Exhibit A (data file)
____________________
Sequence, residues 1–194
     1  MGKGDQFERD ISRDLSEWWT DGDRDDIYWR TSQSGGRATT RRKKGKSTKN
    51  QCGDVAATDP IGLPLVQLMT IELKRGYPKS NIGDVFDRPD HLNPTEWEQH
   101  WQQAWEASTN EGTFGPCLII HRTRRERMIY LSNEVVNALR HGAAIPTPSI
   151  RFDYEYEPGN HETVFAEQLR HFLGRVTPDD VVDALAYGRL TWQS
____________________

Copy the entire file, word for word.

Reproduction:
Sequence, residues 1–194
     1  MGKGDQFERD ISRDLSEWWT DGDRDDIYWR TSQSGGRATT RRKKGKSTKN
    51  QCGDVAATDP IGLPLVQLMT IELKRGYPKS NIGDVFDRPD HLNPTEWEQH
   101  WQQAWEASTN EGTFGPCLII HRTRRERMIY LSNEVVNALR HGAAIPTPSI
   151  RFDYEYEPGN HETVFAEQLR HFLGRVTPDD VVDALAYGRL TWQS